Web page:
This catheter introducer 10 is utilized as a method of inserting a catheter50, which does not require the prior insertion of a tubular type inserter which forms a large opening within the patient. Generally, when abdominal operations, such as gallbladder surgery are performed, a catheter 50 must be independently inserted into a patient so as to properly be oriented andmanipulated. In the method of the present invention, the patient is placed on a grounded operating surface where he is prepped for normal surgery. Next, if necessary, as a preliminary step in the procedure, including the patient's abdominal region is inflated so as to provide a freer work spacewithin the patient. Once the patient is prepared for surgery and has been placed on the grounded operating surface, an elongate wire 20, of the catheter introducer 10 of the present invention, is inserted into the catheter 50 such that the wire 20 protrudes from the distal tip 53, which tip may be provided with a somewhat enlarged or afrowed tip. Next, currentis introduced to the wire 20, such as by means of an electro surgical generator, which are common, such as the Valley Labs, Inc. Unit No. 4. Thecatheter is then easily introduced by pushing the wire tip through the patient's flesh as a result of contact by the energized protruding tip region 21 of the wire 20 contacting the patient's flesh and essentially making a small sized hole. The diameter of the wire is preferably about 0.016", and about 50 watts energy is utilized. The correct setting of the energy supplied by any such machine may be selected by several insertions of the introducer in the large piece of meat. Through this small hole in the patient, the head 53 of the catheter 50 follows dilating the hole to accommodate the diameter of the catheter, usually about 0.060" as it follows the wire tip, passing with great ease. The catheter 50 is inserteda desired distance into the patient and then the current is removed from the wire 20. Finally, the wire 20 is removed from the catheter 50 and the catheter 50 may be utilized as normal for the desired surgical procedure.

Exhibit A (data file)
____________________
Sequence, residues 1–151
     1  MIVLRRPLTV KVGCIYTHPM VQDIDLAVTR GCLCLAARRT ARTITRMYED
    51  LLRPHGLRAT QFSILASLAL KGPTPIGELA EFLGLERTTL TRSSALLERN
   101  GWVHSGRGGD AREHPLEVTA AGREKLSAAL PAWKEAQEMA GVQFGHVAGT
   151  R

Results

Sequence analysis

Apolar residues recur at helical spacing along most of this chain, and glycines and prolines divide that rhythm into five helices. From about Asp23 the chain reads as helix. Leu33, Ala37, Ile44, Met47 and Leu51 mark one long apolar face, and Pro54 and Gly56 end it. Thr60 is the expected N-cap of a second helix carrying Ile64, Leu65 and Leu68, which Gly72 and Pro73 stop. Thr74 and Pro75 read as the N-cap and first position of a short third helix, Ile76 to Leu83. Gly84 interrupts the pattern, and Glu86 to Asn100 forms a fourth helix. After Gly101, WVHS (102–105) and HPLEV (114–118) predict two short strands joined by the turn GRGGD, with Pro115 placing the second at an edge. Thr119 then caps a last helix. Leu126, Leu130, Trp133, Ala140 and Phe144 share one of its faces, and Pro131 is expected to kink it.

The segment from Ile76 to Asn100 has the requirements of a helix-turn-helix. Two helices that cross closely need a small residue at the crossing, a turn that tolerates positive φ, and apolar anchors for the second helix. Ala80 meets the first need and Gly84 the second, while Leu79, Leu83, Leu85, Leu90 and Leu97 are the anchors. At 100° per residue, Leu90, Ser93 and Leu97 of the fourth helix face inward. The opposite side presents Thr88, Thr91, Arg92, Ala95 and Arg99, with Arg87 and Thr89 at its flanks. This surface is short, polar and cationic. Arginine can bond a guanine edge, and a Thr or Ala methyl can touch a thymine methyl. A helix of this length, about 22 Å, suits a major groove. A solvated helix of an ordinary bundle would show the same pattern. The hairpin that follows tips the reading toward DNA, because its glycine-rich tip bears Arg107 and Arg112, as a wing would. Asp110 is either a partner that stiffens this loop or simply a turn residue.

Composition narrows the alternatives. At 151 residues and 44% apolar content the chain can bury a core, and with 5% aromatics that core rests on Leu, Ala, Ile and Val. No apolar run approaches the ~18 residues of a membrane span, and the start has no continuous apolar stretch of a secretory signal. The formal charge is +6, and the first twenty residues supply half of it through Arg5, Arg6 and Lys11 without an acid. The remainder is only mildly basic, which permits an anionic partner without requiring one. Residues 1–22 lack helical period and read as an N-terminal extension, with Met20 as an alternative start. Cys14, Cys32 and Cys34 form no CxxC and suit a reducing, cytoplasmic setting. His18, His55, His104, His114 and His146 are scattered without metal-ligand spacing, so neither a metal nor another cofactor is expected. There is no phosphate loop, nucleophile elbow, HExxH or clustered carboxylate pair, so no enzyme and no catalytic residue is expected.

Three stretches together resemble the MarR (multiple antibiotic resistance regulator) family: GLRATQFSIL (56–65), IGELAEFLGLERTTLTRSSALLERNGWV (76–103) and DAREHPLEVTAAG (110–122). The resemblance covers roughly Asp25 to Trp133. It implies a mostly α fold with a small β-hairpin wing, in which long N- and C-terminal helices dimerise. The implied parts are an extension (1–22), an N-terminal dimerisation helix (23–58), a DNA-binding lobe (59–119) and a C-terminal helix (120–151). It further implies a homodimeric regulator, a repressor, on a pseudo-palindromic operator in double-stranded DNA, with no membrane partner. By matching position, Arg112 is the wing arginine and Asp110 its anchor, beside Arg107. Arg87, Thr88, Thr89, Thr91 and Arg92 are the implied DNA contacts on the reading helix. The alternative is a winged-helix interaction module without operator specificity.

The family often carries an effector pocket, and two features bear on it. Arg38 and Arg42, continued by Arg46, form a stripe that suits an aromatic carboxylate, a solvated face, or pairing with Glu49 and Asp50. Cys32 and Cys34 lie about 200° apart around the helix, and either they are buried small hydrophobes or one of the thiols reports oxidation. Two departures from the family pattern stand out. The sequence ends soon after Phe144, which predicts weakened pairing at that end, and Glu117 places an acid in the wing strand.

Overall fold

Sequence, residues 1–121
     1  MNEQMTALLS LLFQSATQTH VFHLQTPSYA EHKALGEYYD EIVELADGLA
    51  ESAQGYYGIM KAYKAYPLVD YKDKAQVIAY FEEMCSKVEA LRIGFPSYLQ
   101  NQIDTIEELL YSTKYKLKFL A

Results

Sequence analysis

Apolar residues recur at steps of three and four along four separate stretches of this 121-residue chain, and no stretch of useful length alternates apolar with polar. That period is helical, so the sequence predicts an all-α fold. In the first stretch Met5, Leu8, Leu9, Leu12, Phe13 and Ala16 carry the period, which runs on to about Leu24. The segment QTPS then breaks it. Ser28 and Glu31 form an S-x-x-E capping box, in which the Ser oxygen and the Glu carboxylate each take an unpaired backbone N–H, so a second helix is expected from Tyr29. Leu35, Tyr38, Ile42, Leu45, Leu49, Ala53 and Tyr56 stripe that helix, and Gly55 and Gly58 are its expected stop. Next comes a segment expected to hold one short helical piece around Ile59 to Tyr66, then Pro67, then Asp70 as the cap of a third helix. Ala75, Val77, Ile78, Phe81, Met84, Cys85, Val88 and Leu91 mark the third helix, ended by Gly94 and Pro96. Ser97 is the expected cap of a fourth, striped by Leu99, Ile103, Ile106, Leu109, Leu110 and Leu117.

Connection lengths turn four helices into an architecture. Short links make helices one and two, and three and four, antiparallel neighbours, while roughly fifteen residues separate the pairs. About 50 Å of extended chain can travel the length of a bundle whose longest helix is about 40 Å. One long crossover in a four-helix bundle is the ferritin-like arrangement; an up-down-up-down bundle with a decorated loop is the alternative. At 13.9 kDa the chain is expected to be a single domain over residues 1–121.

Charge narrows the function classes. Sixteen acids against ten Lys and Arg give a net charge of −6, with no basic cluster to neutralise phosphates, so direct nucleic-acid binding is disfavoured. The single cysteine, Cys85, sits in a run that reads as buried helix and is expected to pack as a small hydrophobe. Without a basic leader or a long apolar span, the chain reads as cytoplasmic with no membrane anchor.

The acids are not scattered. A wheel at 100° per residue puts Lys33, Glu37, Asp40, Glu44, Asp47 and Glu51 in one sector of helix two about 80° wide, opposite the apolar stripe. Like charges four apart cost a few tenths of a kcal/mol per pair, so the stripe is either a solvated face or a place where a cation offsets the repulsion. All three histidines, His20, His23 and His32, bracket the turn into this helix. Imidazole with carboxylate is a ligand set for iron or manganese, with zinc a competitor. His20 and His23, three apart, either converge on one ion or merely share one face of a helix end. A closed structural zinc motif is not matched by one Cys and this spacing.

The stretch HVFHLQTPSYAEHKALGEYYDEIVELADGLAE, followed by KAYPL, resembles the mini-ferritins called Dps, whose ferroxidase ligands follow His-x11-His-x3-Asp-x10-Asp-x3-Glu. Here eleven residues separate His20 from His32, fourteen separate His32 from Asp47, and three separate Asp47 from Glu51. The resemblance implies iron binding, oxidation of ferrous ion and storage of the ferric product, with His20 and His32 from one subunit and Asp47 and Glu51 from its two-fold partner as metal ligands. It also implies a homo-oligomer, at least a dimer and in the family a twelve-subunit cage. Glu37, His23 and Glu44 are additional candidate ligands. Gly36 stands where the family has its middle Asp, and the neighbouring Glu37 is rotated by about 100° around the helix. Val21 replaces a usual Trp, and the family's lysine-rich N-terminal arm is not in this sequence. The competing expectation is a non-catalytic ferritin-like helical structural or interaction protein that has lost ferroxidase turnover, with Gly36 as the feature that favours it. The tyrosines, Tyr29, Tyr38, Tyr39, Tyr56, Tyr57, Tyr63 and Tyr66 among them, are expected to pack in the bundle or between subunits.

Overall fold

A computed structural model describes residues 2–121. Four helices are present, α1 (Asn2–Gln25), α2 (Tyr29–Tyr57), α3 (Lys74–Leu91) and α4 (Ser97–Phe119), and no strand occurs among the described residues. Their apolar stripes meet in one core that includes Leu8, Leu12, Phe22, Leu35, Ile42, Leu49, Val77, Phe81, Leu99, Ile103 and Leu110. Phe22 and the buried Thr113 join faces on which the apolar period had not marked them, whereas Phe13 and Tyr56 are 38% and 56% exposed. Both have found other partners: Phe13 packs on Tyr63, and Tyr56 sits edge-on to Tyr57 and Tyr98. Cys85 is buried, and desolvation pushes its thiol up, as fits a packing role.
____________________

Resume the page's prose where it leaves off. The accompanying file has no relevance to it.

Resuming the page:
It is thus seen that the electrically charged wire constitutes the introducer and it is within the catheter, instead of the prior tubular introducers, which are, in effect, needles which jacket the catheter; thatis to say in this invention the introducer is in the catheter and not outside of the catheter.
In one preferred embodiment, the catheter and wire introducer are pre-assembled as a combination. In cholangiography procedures, the catheter is about one to one and one-half feet in length.
Now that the invention has been described,
|Cited Patent||Filing date||Publication date||Applicant||Title|
|US3147750 *||May 18, 1962||Sep 8, 1964||Altair Corp||Tissue interface detector for ventriculography and other applications|
|US3540434 *||Dec 5, 1968||Nov 17, 1970||Us Navy||Coaxial electrode recording system|
|US4166469 *||Dec 13, 1977||Sep 4, 1979||Littleford Philip O||Apparatus and method for inserting an electrode|
|US4795434 *||Sep 10, 1987||Jan 3, 1989||C. R. Bard, Inc.||Apparatus for positioning a sensor in vivo|
|US4805652 *||Sep 21, 1987||Feb 21, 1989||Hoover Group, Inc.||Wash station for tanks|
|US4824433 *||Apr 5, 1984||Apr 25, 1989||Sterimed Gesellschaft Fur Medizinischen Bedarf Mbh||Puncturing and catheterizing device for the human or animal body|
|US5007902 *||Feb 22, 1989||Apr 16, 1991||B. Braun Melsungen Ag||Catheter set for plexus anesthesia|
|US5170788 *||Apr 24, 1991||Dec 15, 1992||Vickers Plc||Needle electrode and method of assembly thereof|
|Citing Patent||Filing date||Publication date||Applicant||Title|
|US5836916 *||Mar 12, 1996||Nov 17, 1998||Children's Medical Center Corporation||Combined spinal epidural device|
|US6500157 *||Sep 3, 1998||Dec 31, 2002||Ronald B. Luther||Intravenous infusion needle with soft body|
|US6613014||Jun 9, 2000||Sep 2, 2003||Advanced Cardiovascular Systems, Inc.||Catheter hub with detachable push device|
|US6863662||Dec 30, 2002||Mar 8, 2005||Ronald B. Luther||Intravenous infusion needle with soft body|
|US7713256||Apr 9, 2007||May 11, 2010||Becton, Dickinson And Company||System and method of delivering local anesthesia|
|US7713257 *||Apr 9, 2007||May 11, 2010||Becton, Dickinson And Company||System and method of delivering local anesthesia|
|US9066690||Sep 17, 2008||Jun 30, 2015||Covidien Lp||Blood collection needle assembly|
|US20050043709 *||Oct 10, 2003||Feb 24, 2005||Brimhall Greg L.||System and method of delivering local anesthesia|
|International Classification||A61B18/14, A61M25/00|
|Cooperative Classification||A61M25/0097, A61B18/1492, A61M25/09041|
|European Classification||A61M25/00V, A61M25/09C|
|Mar 29, 1993||AS||Assignment|
Owner name: TAUT, INC., ILLINOIS
Free format text: ASSIGNMENT OF ASSIGNORS INTEREST.;ASSIGNOR:MCFARLANE, RICHARD H.;REEL/FRAME:006481/0052
Effective date: 19930326
|Jan 20, 1998||FPAY||Fee payment|
Year of fee payment: 4
|Feb 13, 2002||REMI||Maintenance fee reminder mailed|
|Jul 16, 2002||SULP||Surcharge for late payment|
Year of fee payment: 7
|Jul 16, 2002||FPAY||Fee payment|
Year of fee payment: 8
|Feb 1, 2006||REMI||Maintenance fee reminder mailed|
|Jul 19, 2006||LAPS||Lapse for failure to pay maintenance fees|
|Sep 12, 2006||FP||Expired due to failure to pay maintenance fee|
Effective date: 20060719
|Jan 18, 2007||AS||Assignment|
Owner name: PILLING WECK INCORPORATED, PENNSYLVANIA
Free format text: ASSIGNMENT OF ASSIGNORS INTEREST;ASSIGNOR:TAUT INC.;REEL/FRAME:018777/0859
Effective date: 20061108